The creation of Israel changed everything.
Today Israeli Jews and American Jews have little in common.
A poll for the American Jewish Committee in June found that while 77 percent of Israeli Jews approve of Trump’s handling of the U.S.-Israeli relationship, only 34 percent of American Jews approve. Although Trump is popular in Israel, only 26 percent of American Jews approve of him. Most Jews feel less secure in the United States than they did a year ago...The AJC poll was done a month before Israel passed a law to give Jews more rights than other citizens, betraying the country’s 70-year democratic tradition.
“We are the stunned witnesses of new alliances between Israel, Orthodox factions of Judaism throughout the world, and the new global populism in which ethnocentrism and even racism hold an undeniable place,” Hebrew University of Jerusalem sociologist Eva Illouz wrote in an article appearing this week on Yom Kippur in Israel’s Haaretz newspaper titled “The State of Israel vs. the Jewish people.
While fundamentalist Christians and the U.S. government give Israel unconditional support, U.S. Jews are much more skeptical.
At the same time, many American Jews express reservations about Israel’s approach to the peace process. Just 38% say the Israeli government is making a sincere effort to establish peace with the Palestinians. And just 17% of American Jews think the continued building of settlements in the West Bank is helpful to Israel’s security; 44% say that settlement construction hurts Israel’s own security interests.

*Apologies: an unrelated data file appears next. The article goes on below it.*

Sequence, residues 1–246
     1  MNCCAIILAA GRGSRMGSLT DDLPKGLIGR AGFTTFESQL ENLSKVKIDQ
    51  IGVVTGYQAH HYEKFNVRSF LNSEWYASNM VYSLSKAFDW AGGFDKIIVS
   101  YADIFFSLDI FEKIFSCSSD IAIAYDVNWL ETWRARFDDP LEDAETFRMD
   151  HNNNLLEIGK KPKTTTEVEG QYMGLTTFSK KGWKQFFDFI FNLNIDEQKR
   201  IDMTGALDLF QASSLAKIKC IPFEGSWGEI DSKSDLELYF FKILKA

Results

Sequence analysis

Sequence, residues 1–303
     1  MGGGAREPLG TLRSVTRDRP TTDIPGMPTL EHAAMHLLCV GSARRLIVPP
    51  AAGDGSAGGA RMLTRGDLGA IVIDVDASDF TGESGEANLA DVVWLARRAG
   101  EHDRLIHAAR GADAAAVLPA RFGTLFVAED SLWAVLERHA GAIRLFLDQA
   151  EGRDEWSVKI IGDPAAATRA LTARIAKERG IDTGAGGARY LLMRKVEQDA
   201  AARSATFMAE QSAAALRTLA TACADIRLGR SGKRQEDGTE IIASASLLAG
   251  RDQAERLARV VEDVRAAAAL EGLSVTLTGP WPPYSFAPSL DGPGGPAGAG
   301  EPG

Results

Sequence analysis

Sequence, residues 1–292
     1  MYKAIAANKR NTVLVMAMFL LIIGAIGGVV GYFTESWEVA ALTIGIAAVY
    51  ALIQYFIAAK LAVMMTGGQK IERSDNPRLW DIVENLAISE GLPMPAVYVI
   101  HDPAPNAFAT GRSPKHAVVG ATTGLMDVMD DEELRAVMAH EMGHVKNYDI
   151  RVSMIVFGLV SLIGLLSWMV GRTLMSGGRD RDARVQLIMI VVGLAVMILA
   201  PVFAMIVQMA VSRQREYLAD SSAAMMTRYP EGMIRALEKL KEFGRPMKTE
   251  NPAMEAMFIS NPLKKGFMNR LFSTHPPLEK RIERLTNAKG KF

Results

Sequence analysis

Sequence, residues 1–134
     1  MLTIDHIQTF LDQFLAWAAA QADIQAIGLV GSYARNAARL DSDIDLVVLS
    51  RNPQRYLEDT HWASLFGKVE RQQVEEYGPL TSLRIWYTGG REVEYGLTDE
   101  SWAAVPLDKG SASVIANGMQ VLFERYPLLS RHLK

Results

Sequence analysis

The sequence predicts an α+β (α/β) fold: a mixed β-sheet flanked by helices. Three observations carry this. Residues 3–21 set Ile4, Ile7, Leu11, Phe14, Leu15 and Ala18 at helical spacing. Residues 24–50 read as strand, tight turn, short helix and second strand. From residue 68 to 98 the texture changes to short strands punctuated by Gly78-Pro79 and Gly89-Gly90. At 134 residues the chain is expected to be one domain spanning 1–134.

U.S. Jews are not down with the knee-jerk accusation of anti-Semitism every time someone criticizes Israel, nor do they believe that Israel should be an important issue in American politics today.
The biggest division between U.S. Jews and Israeli Jews is on the subject of democracy in Israel.
Bolstering this result is Americans’ views on the Jewishness and democracy of Israel: If the two-state solution were no longer possible, 64 percent of Americans would choose the democracy of Israel, even if it meant that Israel would cease to be a politically Jewish state, over the Jewishness of Israel, if the latter meant that Palestinians would not be fully equal.
Interestingly, a recent poll shows that 72% of the Israeli public feels their government disrespects US Jews.
I support the existence of Israel for one reason and one reason alone: Christians can't be trusted around Jews. Sooner or later some of them will eventually try to kill all the Jews.
The tying together of the idea of Jews and Israel is dangerous to Jews around the world.
The right-wing, reactionary, apartheid government in Israel, that is bent on ethnically cleansing the region of Palestinians, is the opposite of the history of the Jews and is an offense to the memory of every Jew that has suffered oppression.
Of any group of people in the world, Jews should be the very last people oppressing others. It's inexcusable.
More importantly, it puts Jews living overseas in danger to racist backlash and terrorism.
Israeli Jews are being selfish and short-sighted by disregarding this danger.